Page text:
The ordinance, which went into effect earlier this year, requires organizations that get certain funds through the city to provide health and employment benefits to domestic partners of their employees.
The Salvation Army has received $60,000 a year from the city to operate its $400,000 meals program and the city's only center for seniors.
The Salvation Army doesn't plan to challenge the ordinance and hopes to find alternative funding for its senior center and meals program, officials said.

MICHIGAN
Small break in track caused derailment
LANSING, Mich. A broken railroad track caused the Memorial Day train derailment that forced 2,200 Potterville residents to evacuate for four days, according to the company that owns the train.
Jack Burke, a spokesman for Canadian National Railway Co., said a fracture within the rail wasn't detected by officials during their twice-weekly inspections.
The Federal Railroad Administration said Monday it is still investigating and expects its report by the end of the summer. The train cars that derailed May 27 were carrying explosive liquid propane and toxic sulfuric acid.

MISSOURI
Airman convicted of stealing actor's car
ARNOLD An airman stationed at Scott Air Force Base in Illinois has been convicted of stealing a 1989 Porsche 911 belonging to actor Nicolas Cage.
In January, Missouri Water Patrol divers found the $100,000 car at Lake of the Ozarks, submerged in 12 feet of water. It had been stolen a month earlier from a parking lot in Arnold, a St. Louis suburb, while in a transport trailer on its way from California to Pennsylvania.
Last week, a U.S. Air Force court-martial convicted Robert N. Clerkin, 20, of Arnold, on five charges, including larceny of a military identification card, larceny of the car and conspiracy.

NEW JERSEY
City inaugurates first Hispanic mayor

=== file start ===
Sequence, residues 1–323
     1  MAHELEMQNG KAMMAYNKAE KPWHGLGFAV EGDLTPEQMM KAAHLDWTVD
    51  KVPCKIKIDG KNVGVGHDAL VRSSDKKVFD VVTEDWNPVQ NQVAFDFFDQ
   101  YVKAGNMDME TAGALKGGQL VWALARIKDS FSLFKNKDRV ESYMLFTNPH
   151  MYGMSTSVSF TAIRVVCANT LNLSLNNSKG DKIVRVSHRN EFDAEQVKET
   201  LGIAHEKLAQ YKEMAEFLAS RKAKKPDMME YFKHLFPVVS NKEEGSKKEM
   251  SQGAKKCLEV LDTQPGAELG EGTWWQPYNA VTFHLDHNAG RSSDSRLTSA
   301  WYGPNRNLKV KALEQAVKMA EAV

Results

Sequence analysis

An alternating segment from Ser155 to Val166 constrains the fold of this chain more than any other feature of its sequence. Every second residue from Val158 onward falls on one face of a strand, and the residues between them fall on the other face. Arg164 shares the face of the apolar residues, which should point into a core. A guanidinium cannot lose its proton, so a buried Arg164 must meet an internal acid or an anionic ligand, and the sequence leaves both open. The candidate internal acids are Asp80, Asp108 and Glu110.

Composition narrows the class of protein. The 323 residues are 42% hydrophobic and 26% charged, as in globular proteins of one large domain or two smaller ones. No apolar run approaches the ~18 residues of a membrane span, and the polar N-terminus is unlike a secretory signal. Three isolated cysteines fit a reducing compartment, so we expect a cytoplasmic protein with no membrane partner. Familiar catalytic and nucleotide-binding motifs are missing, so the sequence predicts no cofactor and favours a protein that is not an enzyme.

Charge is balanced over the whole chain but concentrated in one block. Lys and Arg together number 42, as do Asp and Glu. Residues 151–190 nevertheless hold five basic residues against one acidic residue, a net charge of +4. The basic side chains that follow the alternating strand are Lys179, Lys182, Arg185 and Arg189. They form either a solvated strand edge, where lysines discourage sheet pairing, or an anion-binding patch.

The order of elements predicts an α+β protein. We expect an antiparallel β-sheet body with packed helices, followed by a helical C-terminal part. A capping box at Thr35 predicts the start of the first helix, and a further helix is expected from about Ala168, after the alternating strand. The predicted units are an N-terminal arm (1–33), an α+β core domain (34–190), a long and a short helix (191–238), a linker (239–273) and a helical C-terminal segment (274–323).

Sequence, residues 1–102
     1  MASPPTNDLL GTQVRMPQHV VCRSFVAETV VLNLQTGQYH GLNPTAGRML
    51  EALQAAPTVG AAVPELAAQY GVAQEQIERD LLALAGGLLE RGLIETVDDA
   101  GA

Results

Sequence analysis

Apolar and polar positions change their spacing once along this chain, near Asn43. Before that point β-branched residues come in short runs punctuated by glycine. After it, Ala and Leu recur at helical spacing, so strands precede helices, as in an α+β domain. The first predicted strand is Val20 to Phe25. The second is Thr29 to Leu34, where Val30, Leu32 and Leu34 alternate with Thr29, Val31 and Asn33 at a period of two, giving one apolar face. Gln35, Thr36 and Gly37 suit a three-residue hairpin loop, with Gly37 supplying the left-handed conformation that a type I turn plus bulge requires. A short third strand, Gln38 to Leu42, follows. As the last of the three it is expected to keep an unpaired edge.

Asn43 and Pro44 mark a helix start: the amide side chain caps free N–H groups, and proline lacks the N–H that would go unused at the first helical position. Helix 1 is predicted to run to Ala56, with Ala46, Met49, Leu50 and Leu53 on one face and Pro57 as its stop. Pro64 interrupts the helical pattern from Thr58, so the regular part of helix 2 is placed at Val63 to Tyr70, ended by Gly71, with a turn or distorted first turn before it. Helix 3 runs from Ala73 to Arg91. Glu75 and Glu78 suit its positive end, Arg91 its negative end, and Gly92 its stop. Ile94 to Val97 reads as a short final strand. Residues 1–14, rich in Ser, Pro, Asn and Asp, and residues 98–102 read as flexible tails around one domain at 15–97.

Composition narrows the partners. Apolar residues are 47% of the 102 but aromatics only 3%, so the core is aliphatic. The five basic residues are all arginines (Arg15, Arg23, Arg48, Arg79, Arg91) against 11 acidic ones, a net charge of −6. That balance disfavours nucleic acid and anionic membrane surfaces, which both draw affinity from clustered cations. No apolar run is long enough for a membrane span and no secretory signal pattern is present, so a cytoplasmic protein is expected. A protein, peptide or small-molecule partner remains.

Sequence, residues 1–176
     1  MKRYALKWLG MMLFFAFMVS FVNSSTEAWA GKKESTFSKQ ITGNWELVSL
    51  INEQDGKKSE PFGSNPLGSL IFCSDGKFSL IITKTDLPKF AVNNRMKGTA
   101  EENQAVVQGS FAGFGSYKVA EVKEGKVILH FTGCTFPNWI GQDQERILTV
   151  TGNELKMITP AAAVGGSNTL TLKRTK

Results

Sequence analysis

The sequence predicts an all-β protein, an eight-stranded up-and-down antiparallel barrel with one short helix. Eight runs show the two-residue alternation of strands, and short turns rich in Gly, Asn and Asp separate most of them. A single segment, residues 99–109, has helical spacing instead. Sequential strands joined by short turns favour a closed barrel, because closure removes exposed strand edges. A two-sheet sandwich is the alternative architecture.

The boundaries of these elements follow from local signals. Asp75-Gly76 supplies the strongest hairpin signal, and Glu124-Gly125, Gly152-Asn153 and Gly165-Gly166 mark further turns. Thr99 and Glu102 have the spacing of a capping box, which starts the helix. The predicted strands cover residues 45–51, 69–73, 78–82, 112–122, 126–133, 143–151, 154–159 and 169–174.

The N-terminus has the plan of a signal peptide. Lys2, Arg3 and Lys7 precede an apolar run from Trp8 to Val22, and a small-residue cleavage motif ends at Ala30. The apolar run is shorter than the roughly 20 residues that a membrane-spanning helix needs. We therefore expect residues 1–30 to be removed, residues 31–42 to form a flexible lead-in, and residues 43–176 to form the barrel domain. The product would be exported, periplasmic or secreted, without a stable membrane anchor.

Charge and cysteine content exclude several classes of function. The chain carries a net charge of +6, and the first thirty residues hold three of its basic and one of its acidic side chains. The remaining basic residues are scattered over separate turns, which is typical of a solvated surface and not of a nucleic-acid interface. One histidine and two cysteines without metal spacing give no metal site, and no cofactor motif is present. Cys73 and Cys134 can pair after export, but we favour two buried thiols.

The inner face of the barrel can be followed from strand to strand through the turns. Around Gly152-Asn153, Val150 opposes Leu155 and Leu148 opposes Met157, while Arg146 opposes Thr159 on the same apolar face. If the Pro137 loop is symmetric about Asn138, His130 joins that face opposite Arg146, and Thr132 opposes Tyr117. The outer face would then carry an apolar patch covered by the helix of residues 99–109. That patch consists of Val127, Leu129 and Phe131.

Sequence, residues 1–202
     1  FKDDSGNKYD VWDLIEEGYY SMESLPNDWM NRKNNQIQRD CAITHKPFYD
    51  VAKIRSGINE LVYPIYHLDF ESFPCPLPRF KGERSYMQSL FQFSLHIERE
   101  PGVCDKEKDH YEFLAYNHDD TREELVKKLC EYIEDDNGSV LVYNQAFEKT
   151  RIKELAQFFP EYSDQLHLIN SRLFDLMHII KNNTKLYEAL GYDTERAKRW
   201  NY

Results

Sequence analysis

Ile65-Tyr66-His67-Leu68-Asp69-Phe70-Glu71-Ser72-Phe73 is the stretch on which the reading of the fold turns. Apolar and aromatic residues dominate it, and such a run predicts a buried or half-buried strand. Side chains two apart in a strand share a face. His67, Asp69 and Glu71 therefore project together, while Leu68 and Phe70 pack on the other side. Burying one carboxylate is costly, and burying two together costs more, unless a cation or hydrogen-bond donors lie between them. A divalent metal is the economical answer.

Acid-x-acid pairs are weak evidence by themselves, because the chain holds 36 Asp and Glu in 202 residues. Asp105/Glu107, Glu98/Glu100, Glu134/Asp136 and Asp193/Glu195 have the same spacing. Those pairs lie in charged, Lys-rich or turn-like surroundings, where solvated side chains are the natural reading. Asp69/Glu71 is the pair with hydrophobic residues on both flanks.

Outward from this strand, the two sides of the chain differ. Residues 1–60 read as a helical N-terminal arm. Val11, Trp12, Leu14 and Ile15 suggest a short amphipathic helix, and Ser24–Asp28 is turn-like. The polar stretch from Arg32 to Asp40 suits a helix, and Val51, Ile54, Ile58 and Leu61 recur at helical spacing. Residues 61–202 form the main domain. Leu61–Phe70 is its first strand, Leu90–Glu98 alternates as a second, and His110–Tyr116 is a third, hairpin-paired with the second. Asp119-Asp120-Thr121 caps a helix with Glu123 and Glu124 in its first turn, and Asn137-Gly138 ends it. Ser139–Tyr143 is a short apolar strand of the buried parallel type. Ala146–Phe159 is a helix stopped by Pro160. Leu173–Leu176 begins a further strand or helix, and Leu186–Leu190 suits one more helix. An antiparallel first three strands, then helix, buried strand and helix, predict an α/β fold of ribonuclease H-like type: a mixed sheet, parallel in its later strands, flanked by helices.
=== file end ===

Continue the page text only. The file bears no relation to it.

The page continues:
PATERSON Jose "Joey" Torres was inaugurated as the city's first Hispanic mayor on the same day incumbent Martin Barnes pleaded guilty to accepting bribes.
Mr. Torres, a three-term City Council member, defeated Barnes in a June election while Barnes was under federal indictment.
Hispanics make up 52 percent of the population of Paterson, an industrial city of 150,000.

NORTH CAROLINA
Union accuses firm of firing organizers
CHARLOTTE A carpenters' union has accused a contractor of firing three workers it suspected of supporting a union-organizing drive.
Chris Freitag, Charlotte organizer for the United Brotherhood of Carpenters and Joiners, said the workers were fired in the last week. The union began efforts to organize Charlotte carpenters in May, beginning with workers at WBF.
John Buric, an attorney for WBF, told the Charlotte Observer that the company fired only two workers and that those firings were work-related.

OHIO
Children fall ill at water ride
POWELL At least 20 customers at an amusement park got sick at wave and wading pools over the weekend, and two 12-year-olds remained hospitalized Monday with respiratory problems.
State inspectors said they believed repairs to a filtration system that adds chlorine to the water was the likely cause.
Witnesses reported seeing a green haze above the wave pool Sunday at the Wyandot Lake amusement park's water rides, which were evacuated after people became sick.

OREGON
Parks bureau cuts summer programs
PORTLAND Just as the thermometer rises for prime-time summer, the Portland Parks Bureau is ratcheting down facilities, maintenance and some programs to meet new budget constraints, reports the Oregonian.